Why should Japan have surrendered sooner? Why was the US justified in pushing for unconditional surrender? What is never considered is the Cairo declaration in December 1943. In that declaration, the US and allies laid out terms of surrender that essentially meant the end of japan as a power and the end of it having responsibility for its own security interest? I would say if the terms of the Cairo Declaration were not so pressing, then japan just might have surrendered earlier. And as a result of the Japanese empire being broken up, what was the result? Chiang Kai-shek losing to the communist in mainland China, all of China turning red, massacre in Taiwan carried out by the nationalists Chinese February 1947, and a Korea that cut in half. Media always talkk about brutal Japanese occupation of Korea, but it was the US that cut Korea in half and gave the northern side to the Soviet union and communists. Becuase of that very fateful decision, Korea is still cut in half today and a whole Korean War was fight in response to it. I would dare say that that fateful decision to cut Korea in half was more damaging to Korea than when Korea was a part of the Japanese empire.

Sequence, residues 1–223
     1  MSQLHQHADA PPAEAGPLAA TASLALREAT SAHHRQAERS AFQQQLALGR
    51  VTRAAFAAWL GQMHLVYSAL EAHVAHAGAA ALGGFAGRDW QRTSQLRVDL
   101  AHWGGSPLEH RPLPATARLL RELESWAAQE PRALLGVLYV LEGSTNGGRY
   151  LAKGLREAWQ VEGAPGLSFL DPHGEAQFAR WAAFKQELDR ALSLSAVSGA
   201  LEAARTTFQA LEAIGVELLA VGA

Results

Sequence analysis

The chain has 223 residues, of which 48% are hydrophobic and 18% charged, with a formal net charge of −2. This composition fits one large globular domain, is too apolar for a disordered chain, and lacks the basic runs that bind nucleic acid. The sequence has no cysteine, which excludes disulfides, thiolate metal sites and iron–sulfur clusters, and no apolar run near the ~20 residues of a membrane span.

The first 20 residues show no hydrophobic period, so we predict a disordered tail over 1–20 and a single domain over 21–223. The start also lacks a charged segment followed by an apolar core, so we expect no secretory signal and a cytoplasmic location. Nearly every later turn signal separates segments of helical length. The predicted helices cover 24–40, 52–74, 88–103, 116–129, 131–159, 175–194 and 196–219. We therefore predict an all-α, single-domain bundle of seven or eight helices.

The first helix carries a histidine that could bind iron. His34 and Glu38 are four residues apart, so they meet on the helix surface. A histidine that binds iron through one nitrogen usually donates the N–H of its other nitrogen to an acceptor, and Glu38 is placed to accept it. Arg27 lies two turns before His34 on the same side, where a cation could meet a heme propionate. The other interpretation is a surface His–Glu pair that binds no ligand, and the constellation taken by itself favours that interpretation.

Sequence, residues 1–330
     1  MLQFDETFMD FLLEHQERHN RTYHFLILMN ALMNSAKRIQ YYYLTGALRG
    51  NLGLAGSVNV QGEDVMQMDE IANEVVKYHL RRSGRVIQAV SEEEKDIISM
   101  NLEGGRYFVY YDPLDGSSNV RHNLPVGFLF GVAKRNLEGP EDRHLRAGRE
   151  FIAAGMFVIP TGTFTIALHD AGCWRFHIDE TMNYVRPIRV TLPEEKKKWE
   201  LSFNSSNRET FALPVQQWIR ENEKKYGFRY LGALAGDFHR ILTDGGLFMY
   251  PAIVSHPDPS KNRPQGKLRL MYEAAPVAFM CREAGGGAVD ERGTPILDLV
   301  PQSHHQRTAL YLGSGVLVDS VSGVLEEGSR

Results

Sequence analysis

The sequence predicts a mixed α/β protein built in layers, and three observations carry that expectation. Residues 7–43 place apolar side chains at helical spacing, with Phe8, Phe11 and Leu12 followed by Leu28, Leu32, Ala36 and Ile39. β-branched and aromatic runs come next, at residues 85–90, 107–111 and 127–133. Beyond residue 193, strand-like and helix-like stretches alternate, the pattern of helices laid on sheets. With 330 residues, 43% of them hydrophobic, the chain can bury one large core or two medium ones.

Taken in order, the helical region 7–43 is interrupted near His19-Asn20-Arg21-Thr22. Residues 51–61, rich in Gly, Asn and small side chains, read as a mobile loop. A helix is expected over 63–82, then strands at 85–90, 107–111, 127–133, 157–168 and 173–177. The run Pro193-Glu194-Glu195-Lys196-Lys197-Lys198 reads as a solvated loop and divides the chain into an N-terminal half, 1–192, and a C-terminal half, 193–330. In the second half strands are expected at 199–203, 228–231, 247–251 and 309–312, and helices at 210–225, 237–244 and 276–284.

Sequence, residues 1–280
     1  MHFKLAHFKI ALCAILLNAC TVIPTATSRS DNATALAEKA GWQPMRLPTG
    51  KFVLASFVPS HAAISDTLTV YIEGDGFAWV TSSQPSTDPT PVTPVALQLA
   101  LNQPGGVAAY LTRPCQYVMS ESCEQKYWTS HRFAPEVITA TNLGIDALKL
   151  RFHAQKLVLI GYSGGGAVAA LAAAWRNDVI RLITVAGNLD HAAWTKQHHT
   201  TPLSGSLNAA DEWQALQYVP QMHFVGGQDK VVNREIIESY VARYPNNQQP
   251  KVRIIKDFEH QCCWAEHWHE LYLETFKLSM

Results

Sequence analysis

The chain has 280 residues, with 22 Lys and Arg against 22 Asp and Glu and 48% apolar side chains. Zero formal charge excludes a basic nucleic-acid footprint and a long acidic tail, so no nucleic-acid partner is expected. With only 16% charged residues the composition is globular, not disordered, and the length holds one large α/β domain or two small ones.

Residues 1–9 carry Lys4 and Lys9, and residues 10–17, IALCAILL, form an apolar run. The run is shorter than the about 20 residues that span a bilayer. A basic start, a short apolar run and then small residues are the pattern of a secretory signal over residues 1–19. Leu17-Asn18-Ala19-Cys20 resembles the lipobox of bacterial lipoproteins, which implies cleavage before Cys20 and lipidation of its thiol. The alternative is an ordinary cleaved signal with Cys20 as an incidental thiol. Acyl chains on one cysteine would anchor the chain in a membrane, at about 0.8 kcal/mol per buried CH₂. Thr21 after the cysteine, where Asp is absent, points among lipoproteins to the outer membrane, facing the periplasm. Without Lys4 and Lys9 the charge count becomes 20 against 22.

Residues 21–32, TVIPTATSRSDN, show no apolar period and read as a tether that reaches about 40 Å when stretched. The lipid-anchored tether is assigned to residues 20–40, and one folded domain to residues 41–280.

1 ( +2 / -1 )

Since Japan was the aggressor in WWII, Iwo Jima was assaulted by American and allied forces as part of subduing Imperial Japanese forces and securing the eventual conditional Japanese surrender. To say it was invaded is a matter of perspective, but in no way should it convey or portray Japan as the victim.

0 ( +3 / -3 )

Since Japan was the aggressor in WWII, Iwo Jima was assaulted by American and allied forces as part of subduing Imperial Japanese forces and securing the eventual conditional Japanese surrender. To say it was invaded is a matter of perspective, but in no way should it convey or portray Japan as the victim.

Japanese aggression is an exaggeration. The US put an oil embargo on Japan. Japanese Prime Minister Konoye tried to meet with FDR in order to reduce tensions and restore oil trade. The US side did not allow such a meeting to take place. The created the conditions for Japan to attack. No oil embargo, no Japanese attack.

-2 ( +2 / -4 )

“Lucky the US didn't pound the rest of Japan and only limited itself to pounding Nagasaki and Hiroshima.”

The rest of Japan WAS pounded and pretty hard, too.

2 ( +3 / -1 )

Japanese aggression is an exaggeration. The US put an oil embargo on Japan. Japanese Prime Minister Konoye tried to meet with FDR in order to reduce tensions and restore oil trade. The US side did not allow such a meeting to take place. The created the conditions for Japan to attack. No oil embargo, no Japanese attack.

The US oil embargo was in support of China which was being subjected to an aggressive Japanese invasion.

Japan not only attacked the US for its oil embargo but invaded the Philippines, attacked Singapore, the Dutch east Indies and Australia was bombed repeatedly. Burma, Solomon Islands, New guinea and the list of Japans victims goes on. The term "Japanese aggression" is in no way an exaggeration.

1 ( +3 / -2 )

The US oil embargo was in support of China which was being subjected to an aggressive Japanese invasion.